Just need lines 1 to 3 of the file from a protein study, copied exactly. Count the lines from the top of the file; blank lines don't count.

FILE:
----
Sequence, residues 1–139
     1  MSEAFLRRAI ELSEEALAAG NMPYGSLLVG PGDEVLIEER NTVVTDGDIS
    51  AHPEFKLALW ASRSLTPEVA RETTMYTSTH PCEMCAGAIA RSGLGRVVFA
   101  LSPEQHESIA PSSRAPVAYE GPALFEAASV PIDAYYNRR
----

Sequence, residues 1–139
     1  MSEAFLRRAI ELSEEALAAG NMPYGSLLVG PGDEVLIEER NTVVTDGDIS
    51  AHPEFKLALW ASRSLTPEVA RETTMYTSTH PCEMCAGAIA RSGLGRVVFA